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  Testing
Transistors
with an Ohm Meter
   
A few simple checks with an ohm-meter can tell you a lot about a transistor, especially if you only want to know if it is good or bad. Once in a while, more sophisticated tests may require the use of a transistor tester or curve tracer.
 
The Diode Test
A good bipolar transistor exhibits diode-like behavior between the base and emitter connections, and also between the base and collector connections. If your meter has a diode measurement capability, use it to verify the forward voltage for each of these diodes. (Look for 0.2V to 0.3V for Germanium devices and 0.6V to 0.7V for silicon devices).
 
If your meter does not have diode capability, measure the resistance between base and emitter, then switch leads and measure the resistance again. One polarity should indicate a low resistance and the other should indicate a very high resistance. Measure the base-collector diode in the same way, reversing the leads for the second measurement. Again one polarity should indicate high, and the other low. Both diodes must be present. If one or the other cannot be measured, the device is open.
 
The Finger Bias Test
If you don't have any other test equipment, you can perform a cheap and dirty test of transistor action using just an ohm-meter and your fingers. Set the ohm-meter to a very high resistance scale (say 20M ohms full scale) and connect the more positive lead (usually red) to the collector and the more negative lead (usually black) to the emitter. (For PNP devices, use the opposite polarity.) Don't make any connection to the base. You should read a very high resistance value, usually infinity. If you don't see a high resistance value, the transistor may have a leakage problem.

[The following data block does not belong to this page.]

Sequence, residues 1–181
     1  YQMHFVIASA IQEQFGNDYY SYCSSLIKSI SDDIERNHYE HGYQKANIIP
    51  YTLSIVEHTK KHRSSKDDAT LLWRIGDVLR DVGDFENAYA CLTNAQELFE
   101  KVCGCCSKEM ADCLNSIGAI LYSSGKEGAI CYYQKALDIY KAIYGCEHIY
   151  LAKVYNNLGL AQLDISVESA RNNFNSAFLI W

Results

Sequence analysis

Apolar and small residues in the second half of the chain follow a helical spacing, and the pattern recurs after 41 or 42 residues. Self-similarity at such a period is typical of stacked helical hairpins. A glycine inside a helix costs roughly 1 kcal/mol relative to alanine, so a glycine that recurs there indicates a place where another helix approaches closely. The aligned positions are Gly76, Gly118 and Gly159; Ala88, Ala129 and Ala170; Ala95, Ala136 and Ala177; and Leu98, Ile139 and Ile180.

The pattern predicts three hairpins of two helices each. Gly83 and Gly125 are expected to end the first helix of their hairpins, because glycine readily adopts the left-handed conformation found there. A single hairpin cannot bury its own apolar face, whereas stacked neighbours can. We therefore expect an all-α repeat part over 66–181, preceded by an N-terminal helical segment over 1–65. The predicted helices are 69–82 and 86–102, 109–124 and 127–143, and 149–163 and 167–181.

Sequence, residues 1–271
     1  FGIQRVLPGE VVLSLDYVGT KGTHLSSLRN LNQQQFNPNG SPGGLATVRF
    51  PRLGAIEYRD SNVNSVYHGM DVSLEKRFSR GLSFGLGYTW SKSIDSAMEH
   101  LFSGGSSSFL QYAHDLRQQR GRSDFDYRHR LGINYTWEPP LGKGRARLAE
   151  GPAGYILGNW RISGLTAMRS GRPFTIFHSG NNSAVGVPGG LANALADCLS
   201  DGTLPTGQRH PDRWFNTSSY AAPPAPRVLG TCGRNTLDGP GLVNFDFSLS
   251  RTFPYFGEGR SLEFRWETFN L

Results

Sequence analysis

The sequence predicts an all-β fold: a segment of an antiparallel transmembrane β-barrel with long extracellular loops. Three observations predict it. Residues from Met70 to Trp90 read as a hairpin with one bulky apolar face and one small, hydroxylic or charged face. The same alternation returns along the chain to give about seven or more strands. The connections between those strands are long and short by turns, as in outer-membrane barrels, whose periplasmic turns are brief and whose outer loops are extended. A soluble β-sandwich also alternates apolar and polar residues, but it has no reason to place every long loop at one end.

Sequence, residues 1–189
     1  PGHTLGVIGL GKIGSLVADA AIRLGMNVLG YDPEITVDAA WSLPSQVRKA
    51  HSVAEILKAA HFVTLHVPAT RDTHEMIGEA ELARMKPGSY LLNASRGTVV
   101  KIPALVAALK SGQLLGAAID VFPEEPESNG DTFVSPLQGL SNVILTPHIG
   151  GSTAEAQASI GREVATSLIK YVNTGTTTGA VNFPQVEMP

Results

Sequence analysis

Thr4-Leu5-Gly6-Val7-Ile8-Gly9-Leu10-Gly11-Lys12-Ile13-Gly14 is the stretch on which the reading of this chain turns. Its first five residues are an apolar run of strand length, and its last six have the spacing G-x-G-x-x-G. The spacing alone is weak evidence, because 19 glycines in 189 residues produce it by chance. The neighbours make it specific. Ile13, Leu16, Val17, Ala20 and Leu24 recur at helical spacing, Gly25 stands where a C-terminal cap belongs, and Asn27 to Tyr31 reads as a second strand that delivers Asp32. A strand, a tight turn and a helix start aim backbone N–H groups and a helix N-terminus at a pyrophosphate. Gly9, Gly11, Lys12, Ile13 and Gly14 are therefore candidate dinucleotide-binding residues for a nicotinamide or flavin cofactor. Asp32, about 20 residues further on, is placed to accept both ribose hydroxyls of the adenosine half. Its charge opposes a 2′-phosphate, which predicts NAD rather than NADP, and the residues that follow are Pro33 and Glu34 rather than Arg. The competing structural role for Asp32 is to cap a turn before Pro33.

Keep the ohm-meter connected between collector and emitter. Wet your finger and thumb, then use them to touch the collector and the base. The leakage from collector to base through your wet skin provides a little bit of base current. With this bias current flowing, the ohm meter should read much less than infinity. On my B&K Circuitmate DM27, the reading is about 200K for a medium beta small signal silicon transistor. When this test works, you can have some confidence in the transistor. When it fails, you shouldn't throw the transistor away until after it has failed other more definitive measurements.
 
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Last modified on  2/29/00 10:06:30 PM